The Hornets then the Bull

I don't know why that we hadn't seen the hornets nest, up in the dark, left corner! I had smacked their nest. The hornets came after me, as I landed on the ground.

The bull, standing a few feet away, also greeted me. (We had been warned, to watch out for him, but we hadn't seen him.) I saw him, about a second after I'd jumped! He was standing, near where I'd landed, looking mean. He dug one front hoof into the dirt. He snorted.

I took off running, from the barn, through the field, and toward the house! The fence line was about 20 yards, away from the barn. The house was about another 50 or so yards, from the fence line. The hornets stung me a few times. The bull chased me. I could hear him snort – as I ran -- while the hornets were stinging me.

I out ran the bull and slid, under the barbed wire fence, just in time. (Our dogs, Bandit and Blackie, had dug out that spot, under the fence, so that they could crawl through.) That effort had saved me, from the bull!

The hornets were still after me. I had to jump over a gate, to get to the gravel road that led to the house. (Usually, I'd climb over the gate. I managed to jump over it that day!) I ran, into the kitchen, through the open screen door. I recall hollering, “Open the door! Hornets are chasing me!” Someone held the door open. The metal spring closed the door automatically, once I was inside. That stopped the hornets. Hornets bounced against that screen door, a while, but they flew off, eventually.

Mom, bless her heart, treated my hornet stings – about four or five, mostly on my neck and head. I ate dinner, finally. I had to take it easy, a couple of days, while Mom treated the hornet stings, until they healed. My buddies and I didn't play “jump from the barn loft” a while – if we ever did again. (You may turn off your mental video recording. Be sure to save the tape!)


Over the years, I have told, many times, my “the hornets then the bull” story. I've told it to young folks – at youth rallies, at church camps, and so forth – to make a spiritual point, which I will do next.

The inspired apostle Peter wrote (emboldening added, for emphasis):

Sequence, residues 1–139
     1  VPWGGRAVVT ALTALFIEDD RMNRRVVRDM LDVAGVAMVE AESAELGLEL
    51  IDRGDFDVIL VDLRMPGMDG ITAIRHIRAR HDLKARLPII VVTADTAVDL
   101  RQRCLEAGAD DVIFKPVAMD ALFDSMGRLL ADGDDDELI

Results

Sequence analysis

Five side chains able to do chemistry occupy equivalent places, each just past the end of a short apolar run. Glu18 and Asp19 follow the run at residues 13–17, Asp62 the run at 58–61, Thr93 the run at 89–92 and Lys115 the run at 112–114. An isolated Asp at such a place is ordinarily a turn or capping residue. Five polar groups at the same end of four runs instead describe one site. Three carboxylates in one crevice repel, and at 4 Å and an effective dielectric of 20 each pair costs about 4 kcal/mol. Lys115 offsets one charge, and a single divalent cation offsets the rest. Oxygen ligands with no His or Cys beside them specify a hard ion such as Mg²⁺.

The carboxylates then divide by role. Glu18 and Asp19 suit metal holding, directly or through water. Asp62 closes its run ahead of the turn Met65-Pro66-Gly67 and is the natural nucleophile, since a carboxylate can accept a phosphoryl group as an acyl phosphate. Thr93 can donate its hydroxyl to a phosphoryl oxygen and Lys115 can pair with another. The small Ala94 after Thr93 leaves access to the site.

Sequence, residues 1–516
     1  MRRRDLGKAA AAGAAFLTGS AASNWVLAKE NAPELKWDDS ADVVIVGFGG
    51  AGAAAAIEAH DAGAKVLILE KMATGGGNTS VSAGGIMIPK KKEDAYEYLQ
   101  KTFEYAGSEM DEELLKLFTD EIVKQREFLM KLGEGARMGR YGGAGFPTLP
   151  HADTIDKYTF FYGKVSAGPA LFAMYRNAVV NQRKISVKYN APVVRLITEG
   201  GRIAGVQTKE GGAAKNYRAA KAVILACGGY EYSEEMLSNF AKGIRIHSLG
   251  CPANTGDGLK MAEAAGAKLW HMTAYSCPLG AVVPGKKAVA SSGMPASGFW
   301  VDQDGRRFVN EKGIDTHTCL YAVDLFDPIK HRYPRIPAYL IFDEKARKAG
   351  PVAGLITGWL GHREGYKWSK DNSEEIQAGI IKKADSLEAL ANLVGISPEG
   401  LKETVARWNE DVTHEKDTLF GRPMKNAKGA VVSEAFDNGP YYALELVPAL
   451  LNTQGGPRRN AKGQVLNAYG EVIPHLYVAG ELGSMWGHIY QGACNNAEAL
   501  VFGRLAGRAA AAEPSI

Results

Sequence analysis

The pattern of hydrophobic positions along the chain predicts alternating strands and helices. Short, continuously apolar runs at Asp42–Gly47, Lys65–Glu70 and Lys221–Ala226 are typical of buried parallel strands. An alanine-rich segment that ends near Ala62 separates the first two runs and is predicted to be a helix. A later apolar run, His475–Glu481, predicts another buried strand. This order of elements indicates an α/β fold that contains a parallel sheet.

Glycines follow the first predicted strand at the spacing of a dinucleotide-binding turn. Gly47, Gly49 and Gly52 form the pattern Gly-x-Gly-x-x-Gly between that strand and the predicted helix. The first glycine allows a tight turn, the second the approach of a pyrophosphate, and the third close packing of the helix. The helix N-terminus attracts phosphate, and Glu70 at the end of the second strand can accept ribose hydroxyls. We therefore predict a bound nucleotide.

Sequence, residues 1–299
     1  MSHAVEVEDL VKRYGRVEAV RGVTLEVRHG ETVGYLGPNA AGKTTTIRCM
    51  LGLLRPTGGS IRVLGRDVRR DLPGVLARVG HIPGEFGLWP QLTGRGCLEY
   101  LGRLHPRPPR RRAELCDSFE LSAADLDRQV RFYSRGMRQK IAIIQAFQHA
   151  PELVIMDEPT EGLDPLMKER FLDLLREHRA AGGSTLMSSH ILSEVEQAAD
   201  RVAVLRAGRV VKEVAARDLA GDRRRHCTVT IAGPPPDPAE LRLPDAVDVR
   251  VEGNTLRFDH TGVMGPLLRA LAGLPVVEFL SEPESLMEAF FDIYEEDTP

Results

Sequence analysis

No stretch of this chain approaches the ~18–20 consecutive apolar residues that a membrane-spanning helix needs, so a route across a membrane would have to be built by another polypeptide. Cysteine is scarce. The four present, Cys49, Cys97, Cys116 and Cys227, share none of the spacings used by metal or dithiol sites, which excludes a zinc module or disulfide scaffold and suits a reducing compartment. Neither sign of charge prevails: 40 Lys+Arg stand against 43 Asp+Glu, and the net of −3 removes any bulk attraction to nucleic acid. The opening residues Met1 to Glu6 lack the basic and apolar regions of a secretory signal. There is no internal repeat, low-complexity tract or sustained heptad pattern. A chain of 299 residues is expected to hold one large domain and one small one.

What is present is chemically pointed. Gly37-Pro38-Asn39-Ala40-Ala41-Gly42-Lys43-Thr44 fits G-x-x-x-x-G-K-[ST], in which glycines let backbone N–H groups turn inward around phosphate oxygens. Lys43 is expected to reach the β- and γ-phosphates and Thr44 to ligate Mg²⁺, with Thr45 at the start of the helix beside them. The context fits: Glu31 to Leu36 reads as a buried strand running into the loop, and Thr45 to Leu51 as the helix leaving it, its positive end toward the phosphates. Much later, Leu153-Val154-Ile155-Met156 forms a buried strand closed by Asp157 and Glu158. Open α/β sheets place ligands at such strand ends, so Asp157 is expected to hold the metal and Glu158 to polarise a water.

Humble yourselves, therefore, under God’s mighty hand, that he may lift you up in due time. Cast all your anxiety on him because he cares for you.

Be alert and of sober mind. Your enemy the devil prowls around like a roaring lion looking for someone to devour. Resist him, standing firm in the faith, because you know that the family of believers throughout the world is undergoing the same kind of sufferings.

And the God of all grace, who called you to his eternal glory in Christ, after you have suffered a little while, will himself restore you and make you strong, firm and steadfast. To him be the power for ever and ever. Amen. (1 Peter 5:6-11, NIV)

The inspired James wrote (emboldening added, for emphasis):

Submit yourselves, then, to God. Resist the devil, and he will flee from you. (James 4:7, NIV)

I “resisted” those hornets and that bull – by running away quickly! My “resistance” did not force the hornets and the bull, to flee from me. I had to flee from them!

The devil, or Satan, is a “roaring lion,” who wishes “to devour” us. Satan, however, is not as powerful, as we sometimes think that he is. When we submit to God, cast our cares on Him, endure suffering a little while, and resist the devil, then Satan will run away from us! Yes, Satan may “devil” us plenty, but it will be only a little while – when we think in the everlasting perspective.

Lord, my faith stands firm and trusts in you! Devil, I resist you, by faith in Christ, so tuck tail and run away from me! Satan, you lose. God wins. I stand firmly with the winning team.

Y'all are welcome to share my “hornets then the bull” story – either just for fun or, more importantly, to help folks tell the devil to go run off somewhere else and to leave them alone! That lying Satan will flee from folks, who submit to God and resist the devil.